2

There is a specific word that describes the stairs before the door like in the picture here.

picture

  • No need to add front because in such context, the word stoop includes it. – Maulik V Sep 21 '15 at 6:32
  • veranda might be an alternative to porch – Pete May 26 '17 at 23:17
12

I call them "front steps". I live in Seattle.

My grandparents from Chicago would have called them a "front stoop".

My impression is that they are called a "stoop" in areas where row houses are common in big cities. This might be a coincidence: Etymonline says that this meaning of the word "stoop" is derived from Dutch. New York City was originally settled by the Dutch, and is at the center of the North American "areas where row houses are common in big cities."

  • 2
    Being from Chicago area, I have always considered the Stoop as being the landing, at either the top or bottom of the steps, but not the steps themselves. – Kevin Fegan Oct 24 '16 at 15:36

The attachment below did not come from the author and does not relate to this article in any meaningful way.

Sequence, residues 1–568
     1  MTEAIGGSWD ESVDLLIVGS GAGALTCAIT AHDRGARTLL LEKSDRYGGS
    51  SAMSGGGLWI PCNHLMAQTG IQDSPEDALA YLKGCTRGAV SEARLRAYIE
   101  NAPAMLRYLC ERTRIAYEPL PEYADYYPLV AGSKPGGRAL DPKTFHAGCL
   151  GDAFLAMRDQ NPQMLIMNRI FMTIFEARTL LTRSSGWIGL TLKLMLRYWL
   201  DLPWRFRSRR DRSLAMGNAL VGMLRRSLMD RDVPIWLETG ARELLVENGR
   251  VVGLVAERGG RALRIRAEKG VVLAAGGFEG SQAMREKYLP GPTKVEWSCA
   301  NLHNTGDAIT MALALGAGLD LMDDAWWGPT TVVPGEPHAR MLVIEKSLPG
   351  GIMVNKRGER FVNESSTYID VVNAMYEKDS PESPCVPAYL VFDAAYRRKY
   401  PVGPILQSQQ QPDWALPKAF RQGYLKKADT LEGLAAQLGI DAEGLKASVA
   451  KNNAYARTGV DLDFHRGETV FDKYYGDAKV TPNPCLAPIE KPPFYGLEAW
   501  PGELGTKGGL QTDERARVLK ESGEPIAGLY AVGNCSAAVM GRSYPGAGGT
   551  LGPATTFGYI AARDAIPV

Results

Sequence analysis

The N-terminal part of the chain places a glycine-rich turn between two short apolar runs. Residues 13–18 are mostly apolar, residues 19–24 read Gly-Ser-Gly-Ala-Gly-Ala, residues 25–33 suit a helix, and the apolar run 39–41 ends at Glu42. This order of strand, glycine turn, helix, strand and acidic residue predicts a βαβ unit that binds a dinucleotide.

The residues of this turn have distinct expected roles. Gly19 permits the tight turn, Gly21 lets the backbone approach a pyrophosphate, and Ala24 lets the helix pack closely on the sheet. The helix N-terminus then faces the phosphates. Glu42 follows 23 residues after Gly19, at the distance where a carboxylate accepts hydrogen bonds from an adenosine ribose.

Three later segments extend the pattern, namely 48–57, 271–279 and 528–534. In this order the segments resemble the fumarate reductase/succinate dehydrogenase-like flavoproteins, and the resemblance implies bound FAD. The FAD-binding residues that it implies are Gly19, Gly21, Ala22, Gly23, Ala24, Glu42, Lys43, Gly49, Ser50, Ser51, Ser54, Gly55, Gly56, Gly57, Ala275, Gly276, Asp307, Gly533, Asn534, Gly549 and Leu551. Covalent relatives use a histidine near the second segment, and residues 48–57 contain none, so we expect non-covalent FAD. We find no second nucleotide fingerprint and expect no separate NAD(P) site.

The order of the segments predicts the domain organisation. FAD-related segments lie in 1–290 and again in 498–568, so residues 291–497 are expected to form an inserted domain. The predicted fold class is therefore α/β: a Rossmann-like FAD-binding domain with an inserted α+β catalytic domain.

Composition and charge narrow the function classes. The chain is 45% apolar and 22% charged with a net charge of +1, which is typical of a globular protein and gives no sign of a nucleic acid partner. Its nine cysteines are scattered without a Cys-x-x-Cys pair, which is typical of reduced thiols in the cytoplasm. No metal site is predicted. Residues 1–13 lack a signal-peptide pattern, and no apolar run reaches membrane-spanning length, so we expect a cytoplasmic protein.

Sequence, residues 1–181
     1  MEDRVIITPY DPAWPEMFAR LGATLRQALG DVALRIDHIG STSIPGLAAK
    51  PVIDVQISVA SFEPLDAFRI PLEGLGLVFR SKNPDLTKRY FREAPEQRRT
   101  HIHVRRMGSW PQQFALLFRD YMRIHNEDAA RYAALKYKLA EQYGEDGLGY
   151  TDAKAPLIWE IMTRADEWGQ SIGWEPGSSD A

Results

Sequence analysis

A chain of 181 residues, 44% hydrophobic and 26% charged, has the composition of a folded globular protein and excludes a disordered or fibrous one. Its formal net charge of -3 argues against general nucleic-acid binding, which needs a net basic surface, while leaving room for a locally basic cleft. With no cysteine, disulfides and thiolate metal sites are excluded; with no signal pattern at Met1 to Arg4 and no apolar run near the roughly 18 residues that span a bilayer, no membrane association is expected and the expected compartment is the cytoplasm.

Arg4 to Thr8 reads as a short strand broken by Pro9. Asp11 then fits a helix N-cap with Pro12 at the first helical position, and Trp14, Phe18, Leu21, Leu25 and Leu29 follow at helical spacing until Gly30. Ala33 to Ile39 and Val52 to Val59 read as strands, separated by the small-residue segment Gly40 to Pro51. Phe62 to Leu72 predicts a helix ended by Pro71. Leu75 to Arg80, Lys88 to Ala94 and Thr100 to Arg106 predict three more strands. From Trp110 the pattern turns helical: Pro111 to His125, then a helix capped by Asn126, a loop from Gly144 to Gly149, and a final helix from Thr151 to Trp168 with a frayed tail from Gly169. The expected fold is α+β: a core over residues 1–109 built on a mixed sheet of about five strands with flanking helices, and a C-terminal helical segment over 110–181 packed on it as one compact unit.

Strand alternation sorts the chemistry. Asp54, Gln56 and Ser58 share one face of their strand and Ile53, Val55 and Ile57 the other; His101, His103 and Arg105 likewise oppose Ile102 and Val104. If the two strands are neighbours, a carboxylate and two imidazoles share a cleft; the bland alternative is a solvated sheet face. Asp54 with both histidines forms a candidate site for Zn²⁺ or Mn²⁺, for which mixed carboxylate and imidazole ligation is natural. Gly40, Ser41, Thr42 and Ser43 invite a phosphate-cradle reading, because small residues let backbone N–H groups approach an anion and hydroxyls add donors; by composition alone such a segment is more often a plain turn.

4

In the UK "steps" or "front steps". In the UK a 'door step' is the single step up in front of a door (possibly two) - not steps in a flight such as these. They would not be called stairs. We also do not use 'stoops' in the UK.

3

Some of us would call it a "stoop" or a "front stoop," as in the third definition here. That may vary by region in the U.S., but it is said in New England, at least.

  • 1
    It's a big-city usage, I think. Definitely not rural New England. Spoken as a resident (at different times) of 3 N.E. states. – WhatRoughBeast Sep 20 '15 at 4:08
  • Interesting, thanks. I grew up in Connecticut, but with a lot of New Yorkers! – vstrong Sep 20 '15 at 12:58

Your Answer

By clicking “Post Your Answer”, you agree to our terms of service, privacy policy and cookie policy

Not the answer you're looking for? Browse other questions tagged or ask your own question.